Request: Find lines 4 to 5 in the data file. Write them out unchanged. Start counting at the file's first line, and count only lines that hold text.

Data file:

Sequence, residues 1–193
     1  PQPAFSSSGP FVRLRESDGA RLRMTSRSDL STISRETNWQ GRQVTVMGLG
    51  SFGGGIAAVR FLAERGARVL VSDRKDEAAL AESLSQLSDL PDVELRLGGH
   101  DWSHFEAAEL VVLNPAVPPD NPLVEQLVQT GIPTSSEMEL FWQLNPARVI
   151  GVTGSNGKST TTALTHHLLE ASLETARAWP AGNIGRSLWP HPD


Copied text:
   101  DWSHFEAAEL VVLNPAVPPD NPLVEQLVQT GIPTSSEMEL FWQLNPARVI
   151  GVTGSNGKST TTALTHHLLE ASLETARAWP AGNIGRSLWP HPD